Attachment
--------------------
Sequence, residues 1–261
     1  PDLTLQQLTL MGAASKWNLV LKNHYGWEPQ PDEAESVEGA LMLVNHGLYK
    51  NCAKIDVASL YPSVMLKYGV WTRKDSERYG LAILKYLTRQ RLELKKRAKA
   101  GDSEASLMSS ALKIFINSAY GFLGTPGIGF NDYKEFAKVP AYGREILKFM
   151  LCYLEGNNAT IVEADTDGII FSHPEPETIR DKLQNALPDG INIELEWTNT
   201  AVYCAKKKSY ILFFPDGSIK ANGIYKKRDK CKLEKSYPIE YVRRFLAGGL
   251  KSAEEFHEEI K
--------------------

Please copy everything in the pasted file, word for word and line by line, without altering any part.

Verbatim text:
Sequence, residues 1–261
     1  PDLTLQQLTL MGAASKWNLV LKNHYGWEPQ PDEAESVEGA LMLVNHGLYK
    51  NCAKIDVASL YPSVMLKYGV WTRKDSERYG LAILKYLTRQ RLELKKRAKA
   101  GDSEASLMSS ALKIFINSAY GFLGTPGIGF NDYKEFAKVP AYGREILKFM
   151  LCYLEGNNAT IVEADTDGII FSHPEPETIR DKLQNALPDG INIELEWTNT
   201  AVYCAKKKSY ILFFPDGSIK ANGIYKKRDK CKLEKSYPIE YVRRFLAGGL
   251  KSAEEFHEEI K